Science Advances |  October 13, 2022

1000 spider silkomes: Linking sequences to silk physical properties

Author:Kazuharu Arakawa1,2,3,4*, Nobuaki Kono1,3, Ali D. Malay5, Ayaka Tateishi5,6, Nao Ifuku5, Hiroyasu Masunaga7, Ryota Sato5,8, Kousuke Tsuchiya5,6, Rintaro Ohtoshi5,8, Daniel Pedrazzoli8, Asaka Shinohara8, Yusuke Ito8, Hiroyuki Nakamura5,8, Akio Tanikawa9, Yuya Suzuki10,11, Takeaki Ichikawa12, Shohei Fujita13, Masayuki Fujiwara1, Masaru Tomita1,2,3, Sean J. Blamires14, Jo-Ann Chuah5, Hamish Craig5,14, Choon P. Foong5,6, Gabriele Greco15, Juan Guan16, Chris Holland17, David L. Kaplan18, Kumar Sudesh19, Biman B. Mandal20,21,22, Y. Norma-Rashid23, Nur A. Oktaviani5, Rucsanda C. Preda18, Nicola M. Pugno15,24, Rangam Rajkhowa25, Xiaoqin Wang26, Kenjiro Yazawa5, Zhaozhu Zheng26, Keiji Numata5,6*


  • 1. Institute for Advanced Biosciences, Keio University
  • 2. Faculty of Environment and Information Studies
  • 3. Graduate School of Media and Governance
  • 4. Exploratory Research Center on Life and Living Systems (ExCELLS)
  • 5. Biomacromolecules Research Team
  • 6. Department of Material Chemistry
  • 7. Japan Synchrotron Radiation Research Institute
  • 8. Spiber Inc.
  • 9. Graduate School of Agricultural and Life Sciences
  • 10. Graduate School of Life and Environmental Sciences
  • 11. The United Graduate School of Agricultural Sciences
  • 12. Kokugakuin Kugayama High School
  • 13. Graduate School of Agriculture
  • 14. Evolution and Ecology Research Centre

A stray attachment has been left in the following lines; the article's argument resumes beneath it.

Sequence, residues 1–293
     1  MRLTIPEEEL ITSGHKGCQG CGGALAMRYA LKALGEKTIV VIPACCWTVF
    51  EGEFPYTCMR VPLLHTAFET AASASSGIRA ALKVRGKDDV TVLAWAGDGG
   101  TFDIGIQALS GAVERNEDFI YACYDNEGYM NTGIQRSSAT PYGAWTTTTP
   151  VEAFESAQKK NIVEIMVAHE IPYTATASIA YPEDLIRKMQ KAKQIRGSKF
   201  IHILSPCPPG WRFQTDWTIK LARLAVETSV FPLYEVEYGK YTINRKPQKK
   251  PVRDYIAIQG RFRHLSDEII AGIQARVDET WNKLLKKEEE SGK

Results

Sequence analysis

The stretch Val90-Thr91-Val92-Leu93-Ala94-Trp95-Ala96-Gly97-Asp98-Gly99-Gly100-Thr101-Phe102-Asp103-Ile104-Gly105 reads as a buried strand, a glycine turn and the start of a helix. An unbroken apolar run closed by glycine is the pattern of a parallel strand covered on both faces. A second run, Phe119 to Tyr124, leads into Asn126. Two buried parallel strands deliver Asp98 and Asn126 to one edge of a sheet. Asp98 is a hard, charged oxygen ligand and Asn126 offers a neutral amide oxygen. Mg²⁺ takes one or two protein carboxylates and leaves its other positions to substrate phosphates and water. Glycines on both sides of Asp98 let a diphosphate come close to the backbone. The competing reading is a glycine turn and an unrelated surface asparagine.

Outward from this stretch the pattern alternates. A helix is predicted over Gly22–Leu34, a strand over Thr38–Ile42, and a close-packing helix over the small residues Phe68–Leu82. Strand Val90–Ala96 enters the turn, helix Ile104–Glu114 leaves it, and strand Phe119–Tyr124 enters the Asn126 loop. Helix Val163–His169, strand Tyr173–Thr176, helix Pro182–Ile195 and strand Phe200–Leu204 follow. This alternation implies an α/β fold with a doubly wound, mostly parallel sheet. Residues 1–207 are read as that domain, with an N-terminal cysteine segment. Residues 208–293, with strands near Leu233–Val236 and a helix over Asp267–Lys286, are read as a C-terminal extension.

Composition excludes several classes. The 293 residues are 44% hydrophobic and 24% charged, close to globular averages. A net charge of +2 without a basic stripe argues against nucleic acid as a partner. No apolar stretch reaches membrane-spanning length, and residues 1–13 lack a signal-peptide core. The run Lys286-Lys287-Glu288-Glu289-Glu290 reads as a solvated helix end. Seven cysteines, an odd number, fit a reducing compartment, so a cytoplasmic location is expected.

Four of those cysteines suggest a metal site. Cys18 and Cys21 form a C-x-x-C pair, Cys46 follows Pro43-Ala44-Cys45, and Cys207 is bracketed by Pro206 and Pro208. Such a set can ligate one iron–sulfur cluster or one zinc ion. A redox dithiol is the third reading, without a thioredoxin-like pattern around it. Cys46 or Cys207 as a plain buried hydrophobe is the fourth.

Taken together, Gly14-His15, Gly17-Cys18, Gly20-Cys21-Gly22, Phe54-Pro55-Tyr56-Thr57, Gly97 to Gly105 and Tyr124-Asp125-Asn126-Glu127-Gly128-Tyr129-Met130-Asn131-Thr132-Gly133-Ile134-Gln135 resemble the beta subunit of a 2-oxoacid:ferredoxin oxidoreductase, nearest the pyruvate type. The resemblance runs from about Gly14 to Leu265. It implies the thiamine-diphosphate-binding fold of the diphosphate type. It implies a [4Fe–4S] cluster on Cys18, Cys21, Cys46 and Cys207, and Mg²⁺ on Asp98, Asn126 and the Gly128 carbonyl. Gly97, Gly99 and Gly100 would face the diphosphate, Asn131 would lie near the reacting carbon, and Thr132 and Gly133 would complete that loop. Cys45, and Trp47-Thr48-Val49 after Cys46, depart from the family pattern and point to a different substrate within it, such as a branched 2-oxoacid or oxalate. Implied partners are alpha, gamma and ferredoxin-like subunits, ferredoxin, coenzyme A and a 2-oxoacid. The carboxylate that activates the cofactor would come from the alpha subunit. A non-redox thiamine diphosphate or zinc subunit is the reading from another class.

• 15. Department of Civil
  • 16. Beijing Advanced Innovation Center for Biomedical Engineering
  • 17. Natural Materials Group
  • 18. Department of Biomedical Engineering
  • 19. School of Biological Sciences, Universiti Sains Malaysia
  • 20. Department of Biosciences and Bioengineering
  • 21. Center for Nanotechnology
  • 22. School of Health Sciences and Technology
  • 23. Institute of Biological Sciences
  • 24. School of Engineering and Materials Science
  • 25. Institute for Frontier Materials
  • 26. College of Textile and Clothing Engineering
The balance of crystalline and amorphous regions in the fibroin structure underpins the tensile strength of bagworm silk

From “1000 spider silkomes: Linking sequences to silk physical properties” by Kazuharu Arakawa et al.. Licensed under CC BY-NC 4.0.


Spider silks are among the toughest known materials and thus provide models for renewable, biodegradable, and sustainable biopolymers. However, the entirety of their diversity still remains elusive, and silks that exceed the performance limits of industrial fibers are constantly being found. We obtained transcriptome assemblies from 1098 species of spiders to comprehensively catalog silk gene sequences and measured the mechanical, thermal, structural, and hydration properties of the dragline silks of 446 species. The combination of these silk protein genotype-phenotype data revealed essential contributions of multicomponent structures with major ampullate spidroin 1 to 3 paralogs in high-performance dragline silks and numerous amino acid motifs contributing to each of the measured properties. We hope that our global sampling, comprehensive testing, integrated analysis, and open data will provide a solid starting point for future biomaterial designs.

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本研究の遂行に際し、当社は 内閣府 革新的研究開発推進プログラム(ImPACT)「超高機能構造タンパク質による素材産業革命」 の助成を受けました。